Employee Burnout: What Employers Need to Know & What They Can Do to Help

In 2019, when the World Health Organization officially defined and recognized “burnout” in their international classification of diseases as “a syndrome conceptualized as resulting from chronic workplace stress that has not been successfully managed,” few could have predicted the life-changing events of the ensuing years, let alone the concurrent spike in employee burnout.  Four years later, a new Aflac survey of U.S. employees has produced some troubling indications for those who may have been hoping that employee burnout would wane with the pandemic. 

The survey found that over half of American workers today identify their level of burnout as moderate or higher – a rate consistent with reports from the height of the pandemic.  The fallout from such widespread employee burnout can have severe consequences for workers and employers alike.  Employees who experience high levels of burnout report associated anxiety, depression, and trouble sleeping, which can often translate to decreased productivity and job performance in the workplace. 

Still, given the real problem rampant burnout poses to businesses, the Aflac survey found that only 45% of employers identified burnout as an issue for their company.  Closing this awareness gap and introducing interventions to reduce and prevent burnout are crucial priorities for any employer intent on securing sustainable success in their business.

Steps you can take now to address burnout in your organization:

  1. Provide resources that address the total well-being of your employees.

Receiving physical health coverage through one’s workplace has been a norm for generations, but physical health is just one slice of the pie when it comes to employee well-being.  With regards to burnout, mental health, and even financial well-being are the driving factors.  A vast majority (80%) of workers surveyed expressed that coverage for mental health treatment was just as important to them as coverage for physical health, so employers should seriously consider offering mental health coverage if possible.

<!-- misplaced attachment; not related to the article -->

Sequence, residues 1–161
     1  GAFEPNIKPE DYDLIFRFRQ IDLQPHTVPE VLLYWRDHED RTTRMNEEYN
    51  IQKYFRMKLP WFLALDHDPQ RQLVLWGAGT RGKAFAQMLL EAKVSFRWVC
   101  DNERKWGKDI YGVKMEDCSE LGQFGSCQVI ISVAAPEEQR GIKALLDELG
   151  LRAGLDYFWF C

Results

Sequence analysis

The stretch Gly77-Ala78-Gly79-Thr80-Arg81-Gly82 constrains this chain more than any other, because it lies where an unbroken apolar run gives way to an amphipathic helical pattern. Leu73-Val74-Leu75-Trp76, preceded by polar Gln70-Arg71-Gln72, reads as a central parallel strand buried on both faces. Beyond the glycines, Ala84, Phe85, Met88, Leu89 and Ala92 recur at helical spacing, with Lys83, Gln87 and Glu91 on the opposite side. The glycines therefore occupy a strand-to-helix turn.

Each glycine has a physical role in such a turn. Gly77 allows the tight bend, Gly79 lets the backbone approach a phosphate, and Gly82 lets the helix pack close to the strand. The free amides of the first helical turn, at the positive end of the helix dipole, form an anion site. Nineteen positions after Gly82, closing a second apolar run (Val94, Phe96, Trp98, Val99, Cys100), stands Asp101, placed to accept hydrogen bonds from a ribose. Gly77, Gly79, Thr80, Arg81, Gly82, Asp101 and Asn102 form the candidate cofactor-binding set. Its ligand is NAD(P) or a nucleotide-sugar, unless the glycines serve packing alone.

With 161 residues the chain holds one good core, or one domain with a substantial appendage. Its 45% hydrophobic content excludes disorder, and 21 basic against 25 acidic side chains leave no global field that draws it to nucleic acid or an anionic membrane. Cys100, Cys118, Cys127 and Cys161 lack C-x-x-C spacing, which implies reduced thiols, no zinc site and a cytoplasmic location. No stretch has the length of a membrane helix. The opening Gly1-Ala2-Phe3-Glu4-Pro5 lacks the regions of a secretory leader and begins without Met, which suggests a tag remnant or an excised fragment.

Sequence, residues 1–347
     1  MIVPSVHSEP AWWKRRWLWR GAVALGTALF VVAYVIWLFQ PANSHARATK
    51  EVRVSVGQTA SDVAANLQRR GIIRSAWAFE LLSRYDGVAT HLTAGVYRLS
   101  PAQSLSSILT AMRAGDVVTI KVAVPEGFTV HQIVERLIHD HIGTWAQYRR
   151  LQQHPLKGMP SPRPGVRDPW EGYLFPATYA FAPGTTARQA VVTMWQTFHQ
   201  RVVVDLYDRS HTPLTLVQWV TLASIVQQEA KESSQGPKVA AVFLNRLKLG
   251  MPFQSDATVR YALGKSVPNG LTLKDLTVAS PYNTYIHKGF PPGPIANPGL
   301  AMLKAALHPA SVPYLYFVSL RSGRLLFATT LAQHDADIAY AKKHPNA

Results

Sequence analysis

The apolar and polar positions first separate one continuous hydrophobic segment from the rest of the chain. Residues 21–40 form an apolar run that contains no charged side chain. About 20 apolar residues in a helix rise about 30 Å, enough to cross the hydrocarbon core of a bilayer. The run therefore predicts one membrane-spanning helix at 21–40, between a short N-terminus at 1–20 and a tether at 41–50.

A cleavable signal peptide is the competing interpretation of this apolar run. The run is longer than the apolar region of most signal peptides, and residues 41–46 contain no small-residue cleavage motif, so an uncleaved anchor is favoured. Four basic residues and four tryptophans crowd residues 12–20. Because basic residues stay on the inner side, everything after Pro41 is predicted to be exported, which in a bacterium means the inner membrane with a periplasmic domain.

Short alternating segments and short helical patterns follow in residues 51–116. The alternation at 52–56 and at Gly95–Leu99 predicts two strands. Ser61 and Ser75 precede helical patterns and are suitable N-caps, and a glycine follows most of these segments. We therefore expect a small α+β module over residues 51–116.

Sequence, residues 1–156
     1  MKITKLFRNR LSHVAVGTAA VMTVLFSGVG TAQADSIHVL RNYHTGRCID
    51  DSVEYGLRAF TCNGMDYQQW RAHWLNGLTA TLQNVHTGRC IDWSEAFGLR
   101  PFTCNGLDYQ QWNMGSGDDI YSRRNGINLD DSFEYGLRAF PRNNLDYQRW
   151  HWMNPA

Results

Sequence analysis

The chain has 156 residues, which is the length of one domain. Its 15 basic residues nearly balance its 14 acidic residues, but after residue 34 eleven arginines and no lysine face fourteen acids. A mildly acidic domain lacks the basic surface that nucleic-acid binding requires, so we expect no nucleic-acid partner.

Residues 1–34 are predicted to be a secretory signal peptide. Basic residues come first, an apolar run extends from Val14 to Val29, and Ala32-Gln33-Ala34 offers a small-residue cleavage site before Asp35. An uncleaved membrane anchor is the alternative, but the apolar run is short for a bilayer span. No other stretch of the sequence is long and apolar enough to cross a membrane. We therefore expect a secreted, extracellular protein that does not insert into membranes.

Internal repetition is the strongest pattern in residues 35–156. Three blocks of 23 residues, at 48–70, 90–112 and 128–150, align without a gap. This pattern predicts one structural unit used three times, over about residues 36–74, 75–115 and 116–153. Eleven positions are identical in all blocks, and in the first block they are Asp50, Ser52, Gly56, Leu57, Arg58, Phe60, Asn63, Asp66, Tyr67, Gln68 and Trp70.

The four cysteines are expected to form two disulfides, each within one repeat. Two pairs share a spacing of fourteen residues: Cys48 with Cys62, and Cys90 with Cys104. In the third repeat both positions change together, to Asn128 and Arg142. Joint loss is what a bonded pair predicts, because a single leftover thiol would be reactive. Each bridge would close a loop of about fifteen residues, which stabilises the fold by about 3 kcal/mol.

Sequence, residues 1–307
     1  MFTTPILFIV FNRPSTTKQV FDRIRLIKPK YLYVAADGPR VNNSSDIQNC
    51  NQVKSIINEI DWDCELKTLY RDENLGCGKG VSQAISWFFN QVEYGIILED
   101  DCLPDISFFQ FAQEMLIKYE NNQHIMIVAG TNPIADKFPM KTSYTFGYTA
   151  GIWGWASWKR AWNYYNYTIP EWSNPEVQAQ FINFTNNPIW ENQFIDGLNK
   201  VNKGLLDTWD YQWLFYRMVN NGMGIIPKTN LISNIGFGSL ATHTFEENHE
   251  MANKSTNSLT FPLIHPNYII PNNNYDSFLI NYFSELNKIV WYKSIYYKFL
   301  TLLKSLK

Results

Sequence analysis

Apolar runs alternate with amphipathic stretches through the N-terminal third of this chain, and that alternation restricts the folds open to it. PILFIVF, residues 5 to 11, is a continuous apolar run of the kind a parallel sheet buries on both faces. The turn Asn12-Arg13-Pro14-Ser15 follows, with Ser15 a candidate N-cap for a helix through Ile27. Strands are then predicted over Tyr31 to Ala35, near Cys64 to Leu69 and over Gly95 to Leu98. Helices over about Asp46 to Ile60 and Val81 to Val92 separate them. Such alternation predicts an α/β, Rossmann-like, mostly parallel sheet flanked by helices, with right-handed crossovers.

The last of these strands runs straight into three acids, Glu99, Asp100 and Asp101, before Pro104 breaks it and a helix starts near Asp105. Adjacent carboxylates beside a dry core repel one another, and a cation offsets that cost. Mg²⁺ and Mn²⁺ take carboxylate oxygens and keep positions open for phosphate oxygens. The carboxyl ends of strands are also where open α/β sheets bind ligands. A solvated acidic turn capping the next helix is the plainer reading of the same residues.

If coverage is not feasible, another avenue to support the mental health of your employees – as well as assuage any financial anxiety that may contribute to increased stress – is to provide support resources in the workplace.  Hosting forums on the topic of mental wellness featuring speakers from within or outside your organization, introducing seminars or workshops around financial planning and retirement, or even ensuring that information about external resources is easily accessible to employees – these are just a few options that may help employees feel supported and empowered, preventing burnout.

  1. Acknowledge the importance of mental health year-round.

May is Mental Health Awareness Month, but considering and accommodating the mental health of your employees should be a year-round endeavor and should go beyond mere acknowledgement. Small but consistent efforts tailored to the realities of employee’s lives both at and outside of work, such as providing increased flexibility for workers with caregiving responsibilities, can have a far greater and more lasting impact than infrequent recognition around awareness occasions or open enrollment.

  1. Commit to building work-life balance into your company culture from the top down.

Many well-meaning employers may do their best to instate policies that support a healthy work-life balance, only to be baffled when their employees don’t take advantage of them.  The key to rectifying this? Modeling the behavior that you’d like to see in your employees. Being a workplace leader means that your employees look to you for indicators about how they should conduct themselves.  It can be tricky to make sure that you are taking sufficient breaks and time away from the office given the responsibilities you must juggle as an employer, but it will help establish more widespread buy-in across department, division, and role, which can pay serious long-term dividends in building a burnout-averse culture.    

Unfortunately, the current data makes it clear that the threat of employee burnout exacerbated by the pandemic and economic instability is not likely to go away any time soon.  But by incorporating these tips into your mindset and approach within your organization, you can make great strides in providing your employees the support they need to prevent and overcome burnout, ensuring sustainable success for your business.

Do you have any lingering questions about how to address burnout as an HR professional? A Harger Howe Account Manager would be happy to answer them.  To learn more about Harger Howe Advertising and the services we provide, please contact our President Mike Walsh at mwalsh@hargerhowe.com.